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Is there a simple proof for the 4-color theorem when restricted to (finite) maps all of whose regions are pentagons? I am in fact most interested in convex pentagons, if that additional structure helps. These maps lead to graphs of maximum degree $\Delta=5$, so a result for such graphs will answer my question.

If all regions are quadrilaterals, then four colors are sometimes necessary, even if all quadrilaterals are convex, e.g.,
convex quads
But here there is a simple proof of 4-colorability: Identify a quadrilateral with an exposed edge, remove it, 4-color the remainder by induction, and replace the quad, coloring it with a color different from its at most three neighbors. Obviously this simple proof fails for pentagons.

Especially the $\Delta=5$ case is likely known to the experts. So a reference would suffice. Thanks!

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I also think this case seems likely to be known, but sometimes these things can be surprising -- it is not known, for example, whether or not there is a 5-chromatic triangle-free graph of maximum degree 5. – Andrew D. King Dec 17 '10 at 20:12
Are you considering the exterior face to be a face or not? I think you are not, because you say that removing an exposed edge leaves another graph all of whose faces are quadrilaterals. But Mark Bennet seems to think you are, when he writes that the only planar graph all of whose faces are pentagons is the dodecahedron. – David Speyer Dec 17 '10 at 20:41
@David & Mark: Ah, I see the confusion! Mea cupla! – Joseph O'Rourke Dec 17 '10 at 20:46
up vote 8 down vote accepted

If $v$ is a vertex of degree at most 4 in a planar graph $G$ then one can extend a proper 4-coloring of $V(G) \setminus \{v\}$ to $v$ after possibly modifying it using the classical Kempe chain argument. See for example paragraph 5 of the "Summary of proof ideas" section of the Wikipedia entry on the 4-color theorem:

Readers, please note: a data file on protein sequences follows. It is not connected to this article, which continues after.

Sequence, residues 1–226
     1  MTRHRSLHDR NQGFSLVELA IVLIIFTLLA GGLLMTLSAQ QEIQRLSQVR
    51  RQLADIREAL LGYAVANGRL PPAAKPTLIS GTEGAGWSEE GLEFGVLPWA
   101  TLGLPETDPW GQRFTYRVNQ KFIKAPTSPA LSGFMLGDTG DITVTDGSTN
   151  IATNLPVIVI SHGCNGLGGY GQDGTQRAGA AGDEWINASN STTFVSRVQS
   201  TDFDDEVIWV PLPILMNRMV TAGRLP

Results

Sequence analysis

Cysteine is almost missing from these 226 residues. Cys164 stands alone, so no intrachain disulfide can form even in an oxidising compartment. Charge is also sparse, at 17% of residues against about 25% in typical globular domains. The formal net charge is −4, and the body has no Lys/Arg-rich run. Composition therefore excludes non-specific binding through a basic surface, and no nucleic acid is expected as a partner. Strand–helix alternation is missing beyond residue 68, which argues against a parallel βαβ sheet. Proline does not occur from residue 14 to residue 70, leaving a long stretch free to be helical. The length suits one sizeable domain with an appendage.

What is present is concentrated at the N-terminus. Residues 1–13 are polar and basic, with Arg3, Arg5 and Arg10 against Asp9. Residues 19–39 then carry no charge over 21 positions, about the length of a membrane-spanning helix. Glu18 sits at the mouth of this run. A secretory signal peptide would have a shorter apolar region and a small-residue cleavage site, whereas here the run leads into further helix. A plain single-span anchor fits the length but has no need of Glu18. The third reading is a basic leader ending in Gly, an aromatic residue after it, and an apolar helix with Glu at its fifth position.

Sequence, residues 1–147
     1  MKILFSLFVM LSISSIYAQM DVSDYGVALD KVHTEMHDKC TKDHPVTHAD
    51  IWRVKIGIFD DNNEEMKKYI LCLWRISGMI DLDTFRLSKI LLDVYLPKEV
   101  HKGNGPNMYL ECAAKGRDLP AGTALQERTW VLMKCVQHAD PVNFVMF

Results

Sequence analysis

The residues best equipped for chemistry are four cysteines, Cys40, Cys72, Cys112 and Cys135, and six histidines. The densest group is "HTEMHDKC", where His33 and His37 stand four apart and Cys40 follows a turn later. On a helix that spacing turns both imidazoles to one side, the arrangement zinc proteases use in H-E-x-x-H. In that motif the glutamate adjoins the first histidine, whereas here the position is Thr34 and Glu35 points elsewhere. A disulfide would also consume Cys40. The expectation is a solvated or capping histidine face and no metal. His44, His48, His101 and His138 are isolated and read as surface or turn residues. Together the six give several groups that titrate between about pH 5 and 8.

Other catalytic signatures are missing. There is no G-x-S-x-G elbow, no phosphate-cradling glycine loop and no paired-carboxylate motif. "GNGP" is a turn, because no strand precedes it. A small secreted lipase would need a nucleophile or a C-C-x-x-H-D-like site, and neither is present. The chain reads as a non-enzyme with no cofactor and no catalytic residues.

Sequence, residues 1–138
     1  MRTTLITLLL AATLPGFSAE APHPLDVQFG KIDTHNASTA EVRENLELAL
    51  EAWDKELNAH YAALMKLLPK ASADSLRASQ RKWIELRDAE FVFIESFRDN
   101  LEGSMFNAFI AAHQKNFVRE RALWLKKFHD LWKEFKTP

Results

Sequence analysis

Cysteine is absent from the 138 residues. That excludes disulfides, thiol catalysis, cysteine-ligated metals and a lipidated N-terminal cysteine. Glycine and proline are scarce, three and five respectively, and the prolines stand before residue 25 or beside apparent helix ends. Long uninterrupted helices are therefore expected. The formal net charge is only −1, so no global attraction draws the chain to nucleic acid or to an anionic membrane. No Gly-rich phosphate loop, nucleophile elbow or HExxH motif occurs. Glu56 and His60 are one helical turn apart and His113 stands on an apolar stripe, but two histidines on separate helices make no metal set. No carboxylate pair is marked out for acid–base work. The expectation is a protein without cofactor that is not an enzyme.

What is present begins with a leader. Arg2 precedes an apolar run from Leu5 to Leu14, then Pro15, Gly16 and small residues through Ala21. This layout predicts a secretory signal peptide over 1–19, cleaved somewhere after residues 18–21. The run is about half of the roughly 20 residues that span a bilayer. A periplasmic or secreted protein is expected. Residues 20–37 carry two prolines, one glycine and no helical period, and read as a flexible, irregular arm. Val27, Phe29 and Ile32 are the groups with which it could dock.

As pentagons with exposed edges correspond to vertices of degree 4 in the dual graph, one can color the map by induction using this trick.

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@Sergey: This is just what I was seeking! Thanks! – Joseph O'Rourke Dec 17 '10 at 20:41
More generally, all graphs (whether planar or not) of maximal degree 4 are 4-colorable, with the complete graph $K_5$ being the only exception. This is covered by Brooks' Theorem. My only concern with this argument is if we also want to color the external face, and then every vertex in the dual graph has degree >= 5. – Matthew Kahle Dec 18 '10 at 16:09

So far as I can tell this is not a research question. (Once definitions are carefully done) the only planar map consisting solely of pentagons is the projection of the dodecahedron, which is four colourable. Using Euler's formula, if there are more than 12 pentagons there also has to be a region with more than six sides. Consult a basic text on the four-colour theorem.

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@Mark: The region with more than six sides could be the external region. So, one could make a long chain of pentagons glued side-by-side. Of course that would be 2-colorable. – Joseph O'Rourke Dec 17 '10 at 20:40
Thanks for clarifying that you aren't including the external region. – Mark Bennet Dec 17 '10 at 20:43
Sorry, my fault, Mark, I didn't see that my figure for quadrilaterals misled! – Joseph O'Rourke Dec 17 '10 at 20:47
The only planar graph with all faces pentagonal and all the vertices trivalent is the dodecahedron. I see no reason there couldn't be much larger graphs with all faces pentagonal if you allow some 4-valent vertices. – David Speyer Dec 17 '10 at 20:51
Here is an explicit example: Take $n$ dodecahedra and stack them one on top of another, face to face. So the stack has $10n+2$ pentagonal faces exposed to the outside world, and $2(n-1)$ interior pentagons hidden in the face-to-face joins. Looking at this as a tilings of a single sphere with $10n+2$ pentagons, we see that we can use as many pentagons as we want, at the expense of creating lots of vertices of degree $4$. – David Speyer Dec 17 '10 at 20:55

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